the story of my afghan friend

Portrait of my afghan friend on the day he arrived in Oslo.

Let me tell you the story of my afghan friend.

My afghan friend left Afghanistan in the beginning of the summer. Someone he knows helped him out of the country by contacting an "agent". Together with other afghans they walked over borders through forests and mountains, sometimes for up to 36 hours. After each crossing they traveled by bus and train. They were heading west, in the direction of a land where they wouldn't constantly fear for their lives. In the past years my friend's father, brother and sisters have all been killed by the Taliban.
When he was younger he heard from a friend that Norway is a beautiful country, little did he know that he would live get there one day. The people from the group he was traveling with were all going to different countries. From Germany my friend traveled on his own.

I met him for the first and only time a few weeks ago. He was wearing sandals, a pair of jeans, a sweater and had nothing else with him than these clothes and a 50€ bill. No backpack, no cellphone, no picture of his family, nothing. "Excuse me sir, where is the police station?" he asked. We walked together. On the way to the police station he told me he had just arrived, at this very moment, from Afghanistan. I asked him if he was hungry, he wasn't. I asked him if he knew somebody here, he didn't. All he wanted, was to go to the police station and live in Norway. He was so happy to be here. Upon our arrival at the police station we found closed doors. I was relieved. I wanted to know more about him and I had my doubts about delivering him to the police; what if they just sent him back? What could I do for him? Hide him from the Norwegian authorities?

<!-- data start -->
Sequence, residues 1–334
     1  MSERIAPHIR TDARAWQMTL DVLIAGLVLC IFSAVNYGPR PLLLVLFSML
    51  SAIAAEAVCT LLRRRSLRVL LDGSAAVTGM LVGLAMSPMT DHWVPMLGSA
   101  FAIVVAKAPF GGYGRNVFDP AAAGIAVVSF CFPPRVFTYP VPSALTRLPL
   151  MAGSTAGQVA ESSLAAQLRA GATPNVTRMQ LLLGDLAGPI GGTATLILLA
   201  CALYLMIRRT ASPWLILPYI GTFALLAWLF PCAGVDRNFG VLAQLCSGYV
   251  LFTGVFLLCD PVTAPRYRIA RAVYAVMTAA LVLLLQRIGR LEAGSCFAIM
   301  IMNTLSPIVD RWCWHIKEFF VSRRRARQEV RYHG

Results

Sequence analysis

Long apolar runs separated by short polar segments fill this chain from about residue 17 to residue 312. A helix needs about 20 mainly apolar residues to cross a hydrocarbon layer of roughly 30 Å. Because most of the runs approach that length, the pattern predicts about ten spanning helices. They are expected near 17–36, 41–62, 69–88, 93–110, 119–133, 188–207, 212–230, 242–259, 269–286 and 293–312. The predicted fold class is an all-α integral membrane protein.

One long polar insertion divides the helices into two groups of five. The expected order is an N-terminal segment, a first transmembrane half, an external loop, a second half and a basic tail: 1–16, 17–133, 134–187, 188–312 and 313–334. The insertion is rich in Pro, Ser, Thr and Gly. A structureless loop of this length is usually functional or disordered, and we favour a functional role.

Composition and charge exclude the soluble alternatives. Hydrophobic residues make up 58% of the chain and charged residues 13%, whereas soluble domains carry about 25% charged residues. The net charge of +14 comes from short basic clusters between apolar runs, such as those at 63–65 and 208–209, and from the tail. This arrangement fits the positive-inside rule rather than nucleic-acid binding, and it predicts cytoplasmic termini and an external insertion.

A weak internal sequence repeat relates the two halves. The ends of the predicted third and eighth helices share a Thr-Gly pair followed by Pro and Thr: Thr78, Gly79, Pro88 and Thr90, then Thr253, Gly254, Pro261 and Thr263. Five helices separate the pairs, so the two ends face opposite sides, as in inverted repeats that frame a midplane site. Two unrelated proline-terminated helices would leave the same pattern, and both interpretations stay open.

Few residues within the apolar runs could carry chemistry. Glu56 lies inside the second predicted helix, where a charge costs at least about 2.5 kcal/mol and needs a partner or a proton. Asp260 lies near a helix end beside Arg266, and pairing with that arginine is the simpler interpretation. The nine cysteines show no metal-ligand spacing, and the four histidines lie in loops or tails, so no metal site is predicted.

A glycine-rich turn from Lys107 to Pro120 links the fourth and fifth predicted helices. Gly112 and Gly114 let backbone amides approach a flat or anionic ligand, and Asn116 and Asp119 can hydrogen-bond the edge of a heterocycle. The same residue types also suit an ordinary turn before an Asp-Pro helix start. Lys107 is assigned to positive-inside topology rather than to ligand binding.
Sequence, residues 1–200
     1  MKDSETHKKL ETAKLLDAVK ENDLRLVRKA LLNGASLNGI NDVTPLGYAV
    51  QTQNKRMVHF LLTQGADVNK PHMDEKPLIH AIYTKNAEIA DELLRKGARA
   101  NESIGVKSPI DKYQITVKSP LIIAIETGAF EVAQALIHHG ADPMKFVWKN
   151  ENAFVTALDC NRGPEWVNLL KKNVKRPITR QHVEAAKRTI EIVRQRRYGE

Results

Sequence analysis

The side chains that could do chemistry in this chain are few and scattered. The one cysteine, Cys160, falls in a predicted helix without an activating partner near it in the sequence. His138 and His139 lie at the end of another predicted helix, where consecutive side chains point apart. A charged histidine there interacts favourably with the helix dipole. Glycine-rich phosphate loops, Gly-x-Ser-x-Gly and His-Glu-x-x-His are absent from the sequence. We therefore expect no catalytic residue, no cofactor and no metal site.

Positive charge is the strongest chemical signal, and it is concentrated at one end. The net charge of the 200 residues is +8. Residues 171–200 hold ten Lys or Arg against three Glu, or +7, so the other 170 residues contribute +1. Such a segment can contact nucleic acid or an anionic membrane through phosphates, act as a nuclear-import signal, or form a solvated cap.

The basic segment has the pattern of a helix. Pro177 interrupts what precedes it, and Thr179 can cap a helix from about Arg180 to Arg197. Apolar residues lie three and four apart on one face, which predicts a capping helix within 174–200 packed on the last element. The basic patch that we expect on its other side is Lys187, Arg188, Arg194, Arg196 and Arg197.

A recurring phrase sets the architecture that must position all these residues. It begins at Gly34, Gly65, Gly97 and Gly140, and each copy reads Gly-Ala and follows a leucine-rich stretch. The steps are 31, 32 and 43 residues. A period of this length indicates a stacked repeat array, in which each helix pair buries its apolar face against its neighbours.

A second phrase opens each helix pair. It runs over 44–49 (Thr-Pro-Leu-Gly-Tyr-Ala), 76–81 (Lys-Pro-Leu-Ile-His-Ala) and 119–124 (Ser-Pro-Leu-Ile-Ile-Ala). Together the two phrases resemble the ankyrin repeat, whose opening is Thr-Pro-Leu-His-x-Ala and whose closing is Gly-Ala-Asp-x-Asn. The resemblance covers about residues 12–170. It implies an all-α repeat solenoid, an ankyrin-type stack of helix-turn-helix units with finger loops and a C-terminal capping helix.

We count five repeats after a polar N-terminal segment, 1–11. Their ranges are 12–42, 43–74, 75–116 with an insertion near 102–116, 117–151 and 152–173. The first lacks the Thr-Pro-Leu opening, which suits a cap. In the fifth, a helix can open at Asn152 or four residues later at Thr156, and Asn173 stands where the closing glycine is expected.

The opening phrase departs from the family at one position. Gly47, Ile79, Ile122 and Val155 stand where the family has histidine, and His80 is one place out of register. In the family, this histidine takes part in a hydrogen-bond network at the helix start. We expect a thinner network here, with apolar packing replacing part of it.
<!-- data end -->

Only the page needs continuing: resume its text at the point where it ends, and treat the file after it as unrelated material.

I called an afghan friend of mine who has done the same trip as him twice (the first time he came to Norway he was sent back). I wanted them to meet and I wanted to know what was best for him. We met, they chatted, and after a while we decided together that we would bring him to a police station nearby that was open; because of his young age (he's only fourteen!) and his story; we believed that they would let him stay. I really hope they do, anything else would be inhumane.

I also hope I'll hear from him one day. If you ever read this, please contact me I want to help you.

Sébastian Dahl Photographer, Oslo

Photography and adventures.